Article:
Moving beyond that, the ability to fit all the pieces together and find a solution, especially when you have a lot of unknowns and a lot of variables, and you’re trying to balance different priorities. That’s why most people in political careers [have] liberal arts degrees. That ability to balance what different elements of society want is not an engineering problem. It’s something that needs an eye for humanity.
To quickly cover the last two: an ability to read the room, which translates into empathy. “What do other people want, where are they headed?” And then, really good communication skills, and not just written communication, but spoken communication, too. The ability to get up in front of a group and inspire people. There’s something about the classic liberal arts seminar that gets you good at listening to other people’s perspectives, fitting them together.
Jeremy: If someone coming out of college [with a liberal arts degree] goes into a job interview, or is preparing a cover letter or résumé, what tips do you have for convincing the employer that these are skills that they need on their team?
George: We’re always told, “Get your résumé in great shape, send it out to a lot of people, look for job ads that describe what you want, and keep trying until you get one.” That’s actually not how a lot of jobs get filled. There’s University of Chicago research that says close to 40% of jobs get filled without any trace of a job ad. And you go, “Well, how did that happen?”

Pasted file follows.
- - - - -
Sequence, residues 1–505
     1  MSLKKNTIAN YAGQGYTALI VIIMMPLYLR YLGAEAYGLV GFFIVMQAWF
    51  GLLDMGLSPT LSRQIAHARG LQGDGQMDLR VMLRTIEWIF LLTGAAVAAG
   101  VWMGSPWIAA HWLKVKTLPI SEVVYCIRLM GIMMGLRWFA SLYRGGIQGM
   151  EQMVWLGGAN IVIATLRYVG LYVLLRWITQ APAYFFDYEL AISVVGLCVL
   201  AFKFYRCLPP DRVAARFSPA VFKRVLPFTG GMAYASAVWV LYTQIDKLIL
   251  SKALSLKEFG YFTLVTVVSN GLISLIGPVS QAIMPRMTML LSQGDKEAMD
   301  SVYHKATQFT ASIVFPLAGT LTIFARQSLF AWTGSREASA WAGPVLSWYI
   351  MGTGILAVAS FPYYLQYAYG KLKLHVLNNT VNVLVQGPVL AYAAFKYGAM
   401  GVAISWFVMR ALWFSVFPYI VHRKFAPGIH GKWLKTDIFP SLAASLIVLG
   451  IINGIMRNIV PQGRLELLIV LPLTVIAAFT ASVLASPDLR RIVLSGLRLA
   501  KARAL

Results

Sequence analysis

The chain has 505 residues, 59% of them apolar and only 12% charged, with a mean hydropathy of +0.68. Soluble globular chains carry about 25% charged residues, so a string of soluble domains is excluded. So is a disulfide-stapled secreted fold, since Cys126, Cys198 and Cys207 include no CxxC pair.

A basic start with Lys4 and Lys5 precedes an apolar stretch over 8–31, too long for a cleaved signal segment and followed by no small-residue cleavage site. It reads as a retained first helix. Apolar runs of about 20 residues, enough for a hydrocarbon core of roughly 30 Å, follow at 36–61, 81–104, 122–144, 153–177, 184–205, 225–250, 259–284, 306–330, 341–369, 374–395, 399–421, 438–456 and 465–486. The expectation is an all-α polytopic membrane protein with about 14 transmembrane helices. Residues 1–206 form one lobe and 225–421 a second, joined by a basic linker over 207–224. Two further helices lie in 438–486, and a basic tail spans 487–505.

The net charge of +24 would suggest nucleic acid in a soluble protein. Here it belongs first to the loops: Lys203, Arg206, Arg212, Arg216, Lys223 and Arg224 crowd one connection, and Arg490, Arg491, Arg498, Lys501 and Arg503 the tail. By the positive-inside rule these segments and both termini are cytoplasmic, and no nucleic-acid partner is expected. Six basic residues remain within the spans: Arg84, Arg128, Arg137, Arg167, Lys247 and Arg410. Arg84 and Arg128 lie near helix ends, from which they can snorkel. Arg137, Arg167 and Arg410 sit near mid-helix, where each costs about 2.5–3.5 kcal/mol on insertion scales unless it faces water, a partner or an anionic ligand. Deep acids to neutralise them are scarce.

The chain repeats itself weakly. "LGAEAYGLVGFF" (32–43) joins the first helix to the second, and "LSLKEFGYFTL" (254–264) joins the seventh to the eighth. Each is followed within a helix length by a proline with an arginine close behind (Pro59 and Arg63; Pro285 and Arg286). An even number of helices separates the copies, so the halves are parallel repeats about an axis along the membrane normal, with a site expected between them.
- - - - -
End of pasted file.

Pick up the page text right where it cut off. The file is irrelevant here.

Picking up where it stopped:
Jeremy: Yeah, how did that happen?
George: Usually it’s people talking their way into jobs. You meet someone at an airport, or at a restaurant. You tell them a little bit about who you are, they tell you what their business does, and the next thing you know, you’ve created a job out of scratch.
“You may open the door one millimeter at a time, but the doors do open.”
“Networking” is the standard word we use, but mostly it’s just hanging out with people you like and enjoy, who could be helpful to you down the road. Particularly recent alumni. Somebody who is a few years into the workforce can get you those interviews with a recommendation or referral, and that’s when you can show your personality and energy, and explore different ways you can help an organization. So, if the question is, “How does a liberal arts major get recognized by the workforce?” I would say the more you can do to build up personal connections and find people who will introduce you to opportunities, and the less you can sit there sending out “To Whom It May Concern” emails, the happier you’re going to be.
Jeremy: Looking back at your own experience, what advice would you give to yourself if you were about to graduate and head off into the big, bad, professional world?
George: “Don’t get discouraged.” You only need one job coming out of school, [but] you will have to knock on a lot of doors to get it. I was recently pulling out some old family papers, and I came across all these rejection letters. I completely forget that I even applied to these places, so your memory will heal, but that willingness to keep trying is important.
And remember that your energy and your optimism are a big part of what employers want. They have enough sullen folks who’ve been there for 20 years and hate Mondays. If you can figure a way to come in and be a person who’s full of energy, that’s a big asset.
In my case, I had the good fortune to apply to the Wall Street Journal when there was a sudden opening they hadn’t expected. They needed a replacement, and I was a very affordable hire. Boom, I had a job. [So] be willing to start almost anywhere for the first year. Do a bunch of project work, find small-time consulting opportunities. There will be luck, there will be serendipity along the way. You may open the door one millimeter at a time, but the doors do open.